- 1. Whisky distilleries
- 2. ‘Is this the best whisky bar in the world?’
- 3. Unique places to stay for whisky lovers
- 4. The Glenturret: a Michelin-starred distillery
- 5. Edinburgh: ‘soaked in the whisky industry’
- 6. The Scotch Whisky Experience, Edinburgh
- 7. Johnnie Walker Princes Street, Edinburgh
- 8. Kinloch Lodge whisky package, Isle of Skye
- 9. Rabbie’s whisky tours of Scotland: Islay and the Whisky Coast
- 10. The Glasshouse Hotel whisky experience, Edinburgh
- 11. Gleneagles launches ‘Pursuits’ whisky range
- 12. New distilleries opening in 2023
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There is only one country in the world where whisky fans should go to toast “the water of life”. And that, of course, is Scotland – the “home of whisky”.
Scotch has become a huge part of Scotland’s identity and is also a major driver for tourism. With its five whisky regions – Campbeltown, Highland, Islay, Lowland and Speyside – offering their own distinct style and flavour, as well as its cities, towns and stunning countryside, there’s so many places to explore on a Scottish whisky trip.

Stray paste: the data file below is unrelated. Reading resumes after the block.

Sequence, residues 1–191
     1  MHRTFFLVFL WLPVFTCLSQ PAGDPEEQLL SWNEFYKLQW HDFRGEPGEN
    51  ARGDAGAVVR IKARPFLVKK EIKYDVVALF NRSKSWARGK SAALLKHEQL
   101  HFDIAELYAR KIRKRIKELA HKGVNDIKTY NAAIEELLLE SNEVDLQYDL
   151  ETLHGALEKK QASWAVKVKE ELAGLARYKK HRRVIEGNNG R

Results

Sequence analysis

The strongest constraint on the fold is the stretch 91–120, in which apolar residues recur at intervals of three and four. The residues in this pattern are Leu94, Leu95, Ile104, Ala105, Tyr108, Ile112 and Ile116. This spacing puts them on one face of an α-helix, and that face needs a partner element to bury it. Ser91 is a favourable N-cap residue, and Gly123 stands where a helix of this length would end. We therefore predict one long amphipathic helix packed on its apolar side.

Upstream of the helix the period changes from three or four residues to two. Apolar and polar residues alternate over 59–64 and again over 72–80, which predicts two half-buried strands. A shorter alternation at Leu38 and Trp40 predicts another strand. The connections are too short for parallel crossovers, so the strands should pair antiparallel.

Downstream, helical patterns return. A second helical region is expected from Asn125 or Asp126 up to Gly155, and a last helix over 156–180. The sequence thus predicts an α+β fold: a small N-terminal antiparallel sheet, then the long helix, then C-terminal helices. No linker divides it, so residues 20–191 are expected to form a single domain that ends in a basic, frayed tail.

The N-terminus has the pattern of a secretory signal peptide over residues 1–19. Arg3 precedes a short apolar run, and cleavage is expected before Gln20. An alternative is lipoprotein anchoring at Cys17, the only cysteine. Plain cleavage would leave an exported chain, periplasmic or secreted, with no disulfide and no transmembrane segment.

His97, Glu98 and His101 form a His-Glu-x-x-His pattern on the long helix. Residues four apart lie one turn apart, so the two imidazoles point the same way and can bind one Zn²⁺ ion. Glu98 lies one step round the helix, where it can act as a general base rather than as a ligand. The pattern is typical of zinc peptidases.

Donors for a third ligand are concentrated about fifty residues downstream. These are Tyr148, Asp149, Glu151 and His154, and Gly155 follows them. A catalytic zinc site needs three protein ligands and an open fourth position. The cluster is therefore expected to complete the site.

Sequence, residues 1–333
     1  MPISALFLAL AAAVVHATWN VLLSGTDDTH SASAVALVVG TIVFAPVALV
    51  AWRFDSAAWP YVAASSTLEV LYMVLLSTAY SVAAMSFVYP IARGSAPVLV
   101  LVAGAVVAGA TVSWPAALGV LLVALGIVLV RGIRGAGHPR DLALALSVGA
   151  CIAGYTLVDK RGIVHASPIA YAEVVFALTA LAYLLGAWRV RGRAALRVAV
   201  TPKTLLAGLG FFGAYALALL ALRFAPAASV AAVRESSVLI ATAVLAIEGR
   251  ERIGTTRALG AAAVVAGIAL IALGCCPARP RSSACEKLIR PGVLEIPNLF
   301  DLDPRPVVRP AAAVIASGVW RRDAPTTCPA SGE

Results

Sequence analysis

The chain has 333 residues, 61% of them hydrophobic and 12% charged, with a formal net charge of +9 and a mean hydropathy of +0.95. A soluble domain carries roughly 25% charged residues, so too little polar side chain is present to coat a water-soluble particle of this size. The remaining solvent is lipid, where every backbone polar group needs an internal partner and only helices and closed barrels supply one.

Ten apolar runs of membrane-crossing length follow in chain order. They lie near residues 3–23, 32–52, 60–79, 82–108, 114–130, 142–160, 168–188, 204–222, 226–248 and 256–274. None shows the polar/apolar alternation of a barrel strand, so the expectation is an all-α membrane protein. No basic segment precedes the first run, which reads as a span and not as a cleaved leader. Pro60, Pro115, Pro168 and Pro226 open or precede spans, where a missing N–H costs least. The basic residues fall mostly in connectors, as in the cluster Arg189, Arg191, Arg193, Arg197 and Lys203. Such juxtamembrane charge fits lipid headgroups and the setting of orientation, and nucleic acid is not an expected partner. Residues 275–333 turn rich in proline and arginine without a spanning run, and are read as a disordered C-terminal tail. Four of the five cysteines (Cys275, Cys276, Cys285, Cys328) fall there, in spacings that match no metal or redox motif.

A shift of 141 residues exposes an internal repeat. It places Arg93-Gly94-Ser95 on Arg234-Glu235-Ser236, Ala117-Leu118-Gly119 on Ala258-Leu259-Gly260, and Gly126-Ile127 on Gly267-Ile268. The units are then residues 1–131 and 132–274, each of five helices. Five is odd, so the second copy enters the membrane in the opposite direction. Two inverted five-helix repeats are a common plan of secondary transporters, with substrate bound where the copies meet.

From distilleries and visitor attractions to dedicated bars and tours, we pick out some of the best experiences and places in Scotland for whisky lovers.
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1. Whisky distilleries
Did you know that Scotland is home to more than 140 malt and grain distilleries? This makes it the “greatest concentration of whisky production in the world”, said the Scotch Whisky Association (SWA). No matter which distillery you choose to visit, “you can expect great Scotch whisky, a warm Scottish welcome, and a fabulous day out”.
The abundance of distilleries in Scotland is “heaven for whisky lovers”, but it can also be “a challenge when you’re on the road and trying to keep track of them all”, said Wandering Spirits Global. The distillery tour planning and travel tips website has put together a superb and very handy interactive Scotland whisky distillery map, above. Wandering Spirits Global notes that black pins show distilleries not open to the public; distilleries with green pins are open to the public; orange pins by appointment only; and yellow pins are under construction and not currently open to the public.
2. ‘Is this the best whisky bar in the world?’
Bertie’s Bar at The Fife Arms in Braemar is a bit of a “misnomer”, said Millie Milliken on Master of Malt. “Because there isn’t actually a bar.” What you will find is 365 whiskies lining the walls of this “seriously plush space” giving off “the vibe of being a library of booze”. Opened in 2021, Bertie’s Bar is a “dram-lover’s dream come true”, said Alice Lascelles in the FT. “Is this the best whisky bar in the world?”